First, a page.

As I type this blog, I have two of the house mother’s sewing away and children’s voices in the background. What a great sound!! I have so much enjoyed this mission experience. What a great team!!
I wondered how my time would be spent here at Project Mercy…but that has not been a problem. Everyone on this team has been working very hard either at the hospital or here at the school site. I’m so proud of how we represent Gundersen Global Partners and this will hopefully be a long lasting mission. I feel there is so much more that we could accomplish and certainly the needs are here and the sharing of our skills and learning experience by the people are so important.
As it was told a couple of days ago, I am working in this building that has two electric sewing machines and a couple of treadle machines (of which Deme, Rosie and I tried to get to work, but I’m not coordinated enough to make my feet pump it fast enough to work) so once I had power (transformers) I was in business…or at least if we have electricity. So know I realize why I should learn how to use the treadle sewing machines!! On Monday when was setting up shop and getting organized, all the Children’s Home children came with their mending to be done. Certainly I now realize how much we are a disposable society in the US and how much they recycle and reuse here in Ethiopia. I‘m so thankful that I brought scraps of denim and fabric to mend with along with pins, scissors, and lots of thread. Project Mercy wanted curtains sewn for the school rooms so once I received the fabric, we were in business. The house mothers watched me with mending and the next day I received the fabric was able to teach the ladies how to use the machines, from threading the machines to winding bobbins, etc. I measured the windows (in centimeters), cut the panels and started showing the ladies how to fold and finger press for the hemming of these curtains. They are heavy on the foot pedals causing them of run off the fabric and would get a speeding ticket if they were driving on the road. My only issue is communication, since I don’t speak Amharic and they don’t understand too much English, the demonstration and good positive words work along with lots of smiles! They are doing a fantastic job of sewing with semi-straight seams. Deme, Marta and the head schoolmaster will be proud. I just hope that they won’t use cooking oil again to oil the machines, and that they will keep them going since I know there are lots of projects that could keep these ladies busy while the children are in school. My next project with them could be cross-stitch and or knitting.
I enjoyed helping with the vision screening for the children here at the school, which means a lot of students and teachers. It was interesting to hear how they pronounced the English alphabet. Some of the children were very proud to read the letters while others were very quiet and shy. Hopefully with those that might have a vision problems they can be helped and for sure they were told to sit closer up front.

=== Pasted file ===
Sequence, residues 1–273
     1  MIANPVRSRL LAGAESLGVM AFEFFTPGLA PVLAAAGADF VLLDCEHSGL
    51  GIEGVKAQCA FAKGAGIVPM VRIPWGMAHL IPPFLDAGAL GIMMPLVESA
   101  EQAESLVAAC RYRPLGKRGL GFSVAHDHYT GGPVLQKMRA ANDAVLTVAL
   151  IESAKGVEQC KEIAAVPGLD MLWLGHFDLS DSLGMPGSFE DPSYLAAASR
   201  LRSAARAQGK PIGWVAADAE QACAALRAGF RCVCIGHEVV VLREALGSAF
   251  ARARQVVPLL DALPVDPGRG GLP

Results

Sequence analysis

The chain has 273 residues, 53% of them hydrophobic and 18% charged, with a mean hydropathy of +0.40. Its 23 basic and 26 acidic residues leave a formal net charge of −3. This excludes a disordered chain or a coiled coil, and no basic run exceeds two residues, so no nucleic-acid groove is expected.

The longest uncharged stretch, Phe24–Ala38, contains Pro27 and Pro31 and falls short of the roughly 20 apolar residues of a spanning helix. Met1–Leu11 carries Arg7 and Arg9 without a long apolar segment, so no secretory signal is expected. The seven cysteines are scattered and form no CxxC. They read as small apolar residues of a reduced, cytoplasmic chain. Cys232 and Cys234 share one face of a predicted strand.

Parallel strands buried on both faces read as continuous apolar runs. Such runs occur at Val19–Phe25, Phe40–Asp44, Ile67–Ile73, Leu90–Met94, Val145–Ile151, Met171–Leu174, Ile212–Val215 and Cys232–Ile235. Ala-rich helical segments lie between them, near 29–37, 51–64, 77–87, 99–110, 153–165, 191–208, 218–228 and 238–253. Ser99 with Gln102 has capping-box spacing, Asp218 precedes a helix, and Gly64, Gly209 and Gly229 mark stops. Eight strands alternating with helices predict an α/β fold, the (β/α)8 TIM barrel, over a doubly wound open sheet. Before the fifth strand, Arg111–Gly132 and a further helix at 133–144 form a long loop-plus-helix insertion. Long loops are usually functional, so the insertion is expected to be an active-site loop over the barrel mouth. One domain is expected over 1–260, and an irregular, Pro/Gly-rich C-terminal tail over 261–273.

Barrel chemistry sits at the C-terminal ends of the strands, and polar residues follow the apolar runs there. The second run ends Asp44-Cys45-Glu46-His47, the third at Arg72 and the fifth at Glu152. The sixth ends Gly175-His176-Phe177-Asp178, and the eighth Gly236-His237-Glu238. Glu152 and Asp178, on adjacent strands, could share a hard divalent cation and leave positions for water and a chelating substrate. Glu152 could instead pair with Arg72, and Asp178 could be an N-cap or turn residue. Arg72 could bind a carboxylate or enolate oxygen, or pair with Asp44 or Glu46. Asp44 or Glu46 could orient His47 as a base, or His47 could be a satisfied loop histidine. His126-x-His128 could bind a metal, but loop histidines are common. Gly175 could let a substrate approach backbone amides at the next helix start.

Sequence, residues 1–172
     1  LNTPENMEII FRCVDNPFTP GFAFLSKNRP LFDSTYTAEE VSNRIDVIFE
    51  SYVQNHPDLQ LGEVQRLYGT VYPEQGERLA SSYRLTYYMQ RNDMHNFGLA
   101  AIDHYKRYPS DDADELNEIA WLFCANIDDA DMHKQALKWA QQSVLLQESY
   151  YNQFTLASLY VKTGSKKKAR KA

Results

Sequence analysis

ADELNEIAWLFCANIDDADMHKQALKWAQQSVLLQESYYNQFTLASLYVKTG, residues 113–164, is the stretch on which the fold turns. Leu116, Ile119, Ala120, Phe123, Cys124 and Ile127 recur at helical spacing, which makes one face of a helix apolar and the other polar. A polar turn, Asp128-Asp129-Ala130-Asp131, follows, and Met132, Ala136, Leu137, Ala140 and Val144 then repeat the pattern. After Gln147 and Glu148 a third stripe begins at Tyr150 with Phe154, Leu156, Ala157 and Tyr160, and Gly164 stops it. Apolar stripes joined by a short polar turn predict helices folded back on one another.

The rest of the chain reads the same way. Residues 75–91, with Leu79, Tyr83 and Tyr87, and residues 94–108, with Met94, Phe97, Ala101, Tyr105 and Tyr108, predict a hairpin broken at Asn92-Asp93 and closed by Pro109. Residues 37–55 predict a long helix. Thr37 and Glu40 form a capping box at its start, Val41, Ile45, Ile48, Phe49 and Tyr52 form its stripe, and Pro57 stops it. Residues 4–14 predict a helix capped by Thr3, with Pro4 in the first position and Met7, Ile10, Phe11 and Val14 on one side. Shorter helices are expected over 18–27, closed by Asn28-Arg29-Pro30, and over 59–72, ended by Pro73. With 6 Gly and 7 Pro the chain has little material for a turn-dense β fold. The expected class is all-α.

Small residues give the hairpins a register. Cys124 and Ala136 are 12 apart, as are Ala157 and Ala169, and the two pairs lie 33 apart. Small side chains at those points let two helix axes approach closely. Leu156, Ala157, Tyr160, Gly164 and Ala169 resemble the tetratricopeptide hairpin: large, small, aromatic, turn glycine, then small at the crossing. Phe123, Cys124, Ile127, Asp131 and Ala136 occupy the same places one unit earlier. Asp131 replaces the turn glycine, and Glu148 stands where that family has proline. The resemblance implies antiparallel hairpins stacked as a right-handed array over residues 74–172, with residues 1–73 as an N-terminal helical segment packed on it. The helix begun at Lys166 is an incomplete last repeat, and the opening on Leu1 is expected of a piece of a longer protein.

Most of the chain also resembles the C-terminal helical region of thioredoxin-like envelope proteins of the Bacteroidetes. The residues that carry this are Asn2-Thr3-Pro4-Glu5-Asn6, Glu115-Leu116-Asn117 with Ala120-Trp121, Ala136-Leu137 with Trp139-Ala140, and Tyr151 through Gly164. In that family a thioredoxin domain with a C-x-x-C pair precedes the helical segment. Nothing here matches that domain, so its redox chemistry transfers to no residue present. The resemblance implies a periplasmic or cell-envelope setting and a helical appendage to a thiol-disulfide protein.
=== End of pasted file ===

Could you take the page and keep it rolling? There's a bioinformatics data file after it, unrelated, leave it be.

I walked to the kindergarten school up the road from the main campus area and was joined by other children along the way, almost like the Pied Piper leading the way. Upon entering the gates I heard the sounds of singing. The students were all lined up in rows and the teacher would say the phrases and the children would repeat it. They were very good with their English alphabet song, itsy bitsy spider, and the wheels of the bus songs plus others. They then enjoyed their morning porridge, getting in line and I was able to help serve. Again they sat in rows and once they were finished, came outside and washed their cups and hands and proceeded to their classrooms. Seeing and hearing the American teacher, Katie, was also a delight.
The food has been wonderful! Homemade bread, lentil soup, fresh salads, and really good fresh roasted coffee every day has been a delight for all. Most of the food has come from gardens here at Project Mercy. A great organic garden filled with avocado trees, but the team still has not had any avocados. The Come for Supper team would be proud of all the home cooked foods.
HOUSING: The tukels (AKA CONDOS) are very nice, at least we are not sleeping on the ground and have running water and beds to sleep on, sometimes electricity. Certainly these CONDOS are very accommodating for other groups that come to help as well. The landscaping around Project Mercy is beautiful!
As with other comments by our team members, some of the frequent things I remember are to be on ISH time, children asking- WHAT IS YOUR NAME? & HOW OLD ARE YOU? There are no stop, road or streets signs, and especially how wonderful Ethiopian people are—a friendly greeting, hand wave and SMILE are priceless.
So certainly, I wish that Project Mercy was just around the corner and I could teach every day.